President Obama is expected to act alone to overhaul the nation’s immigration system as soon as next week, protecting up to 5 million illegal immigrants from deportation and providing many of them with work permits.

Obama has flaunted the prospect of executive action for months, and multiple media outlets now report details of the president’s plan, first revealed Wednesday evening by Fox News.

Immigrant rights groups long have pushed the White House to provide relief — what opponents call amnesty — to many of an estimated 11.5 million illegal immigrants.

“The number being reported now is in the neighborhood of what people wanted to see,” Marc Rosenblum, director of the U.S. policy program at the Migration Policy Institute, a nonpartisan research group in Washington, said of the 5 million figure. “I don’t think you’ll see immigrant rights groups saying the White House didn’t go big enough.”

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Obama had been hesitant to act over political pushback from fellow Democrats in Congress as well as accusations of lawlessness from Republicans going into last week’s midterm elections. Voters overwhelmingly favored Republicans in the balloting.

“We’re going to fight the president tooth and nail if he goes down this path,” House Speaker John Boehner, R-Ohio, said yesterday, in his second warning on the subject within 10 days. “This is the wrong way to govern. This is exactly what the American people said on Election Day they didn’t want.”

New Mexico residents gather to rally for immigration reform. (Photo: Roberto E. Rosales/Newscom)

New Mexico residents gather to rally for immigration reform. (Photo: Roberto E. Rosales/Newscom)

Although the White House insists the president has not made any final decisions, The New York Times yesterday joined Fox News in reporting that a key part of the administration’s plan would allow many parents of children who are American citizens or legal residents to obtain legal work documents.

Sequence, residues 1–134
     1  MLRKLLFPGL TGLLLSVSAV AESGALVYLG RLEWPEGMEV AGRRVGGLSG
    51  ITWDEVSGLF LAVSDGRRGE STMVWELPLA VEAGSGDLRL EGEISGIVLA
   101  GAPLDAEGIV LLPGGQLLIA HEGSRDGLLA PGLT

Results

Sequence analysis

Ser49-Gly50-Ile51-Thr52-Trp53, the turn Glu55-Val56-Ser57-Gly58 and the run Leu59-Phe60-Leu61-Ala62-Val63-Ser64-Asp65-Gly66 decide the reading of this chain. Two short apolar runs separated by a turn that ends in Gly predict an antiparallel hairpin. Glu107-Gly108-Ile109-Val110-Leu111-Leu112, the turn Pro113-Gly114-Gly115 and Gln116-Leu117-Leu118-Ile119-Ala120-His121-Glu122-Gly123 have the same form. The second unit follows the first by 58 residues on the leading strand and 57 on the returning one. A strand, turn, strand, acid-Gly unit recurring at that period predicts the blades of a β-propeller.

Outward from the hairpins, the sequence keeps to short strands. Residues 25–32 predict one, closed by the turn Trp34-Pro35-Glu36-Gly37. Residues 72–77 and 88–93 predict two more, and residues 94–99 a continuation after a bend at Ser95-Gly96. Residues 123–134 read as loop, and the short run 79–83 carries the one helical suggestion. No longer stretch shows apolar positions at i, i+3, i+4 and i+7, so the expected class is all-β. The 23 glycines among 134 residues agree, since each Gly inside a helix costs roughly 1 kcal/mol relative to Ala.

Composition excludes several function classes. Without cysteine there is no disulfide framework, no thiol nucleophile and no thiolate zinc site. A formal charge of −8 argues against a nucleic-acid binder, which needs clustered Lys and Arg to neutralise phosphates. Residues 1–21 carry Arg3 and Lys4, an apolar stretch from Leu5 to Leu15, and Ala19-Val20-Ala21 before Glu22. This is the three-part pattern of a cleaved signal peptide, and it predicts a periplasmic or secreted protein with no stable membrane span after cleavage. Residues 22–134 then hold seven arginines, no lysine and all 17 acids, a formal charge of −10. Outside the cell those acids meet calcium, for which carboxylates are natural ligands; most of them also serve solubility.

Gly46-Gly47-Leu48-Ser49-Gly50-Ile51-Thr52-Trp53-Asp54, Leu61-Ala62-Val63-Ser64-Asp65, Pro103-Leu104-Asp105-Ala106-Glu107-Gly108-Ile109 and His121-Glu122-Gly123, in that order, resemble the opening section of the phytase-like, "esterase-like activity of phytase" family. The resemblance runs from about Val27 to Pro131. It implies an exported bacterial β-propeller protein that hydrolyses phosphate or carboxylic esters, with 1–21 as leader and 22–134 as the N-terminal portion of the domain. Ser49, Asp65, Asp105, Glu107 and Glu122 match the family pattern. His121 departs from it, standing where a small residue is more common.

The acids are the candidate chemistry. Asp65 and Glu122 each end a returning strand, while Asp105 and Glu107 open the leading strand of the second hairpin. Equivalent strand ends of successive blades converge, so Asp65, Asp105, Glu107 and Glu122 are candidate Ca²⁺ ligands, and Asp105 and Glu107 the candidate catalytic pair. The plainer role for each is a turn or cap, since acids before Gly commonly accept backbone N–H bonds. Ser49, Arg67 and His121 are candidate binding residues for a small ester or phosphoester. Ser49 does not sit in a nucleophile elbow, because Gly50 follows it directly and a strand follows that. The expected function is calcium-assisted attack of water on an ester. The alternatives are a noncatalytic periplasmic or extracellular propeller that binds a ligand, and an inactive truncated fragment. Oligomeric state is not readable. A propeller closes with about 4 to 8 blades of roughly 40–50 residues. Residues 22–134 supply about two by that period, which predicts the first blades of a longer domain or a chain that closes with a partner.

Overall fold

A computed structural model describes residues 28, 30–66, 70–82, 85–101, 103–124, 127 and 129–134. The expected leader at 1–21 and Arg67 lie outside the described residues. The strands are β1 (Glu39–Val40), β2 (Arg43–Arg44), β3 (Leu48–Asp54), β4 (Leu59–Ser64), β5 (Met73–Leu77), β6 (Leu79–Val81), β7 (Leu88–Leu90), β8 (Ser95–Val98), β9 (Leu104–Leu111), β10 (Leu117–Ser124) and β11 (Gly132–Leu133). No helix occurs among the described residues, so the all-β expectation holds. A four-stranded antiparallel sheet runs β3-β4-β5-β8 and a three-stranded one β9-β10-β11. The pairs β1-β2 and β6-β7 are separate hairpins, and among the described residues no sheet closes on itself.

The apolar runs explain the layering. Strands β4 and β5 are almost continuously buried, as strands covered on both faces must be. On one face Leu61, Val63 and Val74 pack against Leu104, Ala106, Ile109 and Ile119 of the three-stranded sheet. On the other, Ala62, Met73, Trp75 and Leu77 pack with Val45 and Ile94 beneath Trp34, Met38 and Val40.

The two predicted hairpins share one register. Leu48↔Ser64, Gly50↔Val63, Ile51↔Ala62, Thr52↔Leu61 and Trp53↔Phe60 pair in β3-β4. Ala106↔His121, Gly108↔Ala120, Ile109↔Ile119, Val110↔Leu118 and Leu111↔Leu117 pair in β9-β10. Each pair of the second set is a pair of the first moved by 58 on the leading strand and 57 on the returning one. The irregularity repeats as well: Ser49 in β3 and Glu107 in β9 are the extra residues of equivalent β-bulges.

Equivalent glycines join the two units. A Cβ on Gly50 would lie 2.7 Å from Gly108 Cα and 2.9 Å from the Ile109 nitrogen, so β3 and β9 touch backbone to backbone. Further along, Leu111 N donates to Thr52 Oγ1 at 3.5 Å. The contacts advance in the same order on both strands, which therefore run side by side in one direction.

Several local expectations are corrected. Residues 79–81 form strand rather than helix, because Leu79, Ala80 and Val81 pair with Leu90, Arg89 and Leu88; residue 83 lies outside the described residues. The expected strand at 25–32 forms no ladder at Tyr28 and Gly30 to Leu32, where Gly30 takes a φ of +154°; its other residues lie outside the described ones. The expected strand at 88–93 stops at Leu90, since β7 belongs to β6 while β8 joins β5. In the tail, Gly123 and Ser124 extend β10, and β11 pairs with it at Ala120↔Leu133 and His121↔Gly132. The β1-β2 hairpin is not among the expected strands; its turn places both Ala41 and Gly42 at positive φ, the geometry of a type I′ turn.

Fox reported that a draft of the administration plan includes 10 points, among them increased border security, improved pay for immigration officers and expanded “deferred action” in deporting children and their parents.

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In June 2012, Obama created DACA, or Deferred Action for Childhood Arrivals, delaying deportation of those who were brought unlawfully to America as children.

The New York Times reported the administration’s plan also would expand opportunities for immigrants who have high-tech skills, shift extra security resources to the nation’s southern border and revamp an enforcement program called Secure Communities.

Priorities for deportation would continue to include recent border crossers, immigrants with serious criminal convictions and those who pose a threat to national security.

Political Pushback

If Obama were to sign such an executive order, it would have major political implications, shaping a debate in the lame-duck Congress about funding the government and provoking Republicans before they assume a Senate majority and increase their House majority in January.

Conservative lawmakers have said they will use a must-pass spending bill to challenge immigration action taken by the president that goes around Congress.

Their strategy is to use government funding bills to withhold the money the president needs to implement his plan.

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One such lawmaker, Rep. Mick Mulvaney, R-S.C., told The Daily Signal in an interview yesterday that he was “surprised” by Obama’s aggressive approach after an election dominated by Republicans who campaigned against his immigration plan.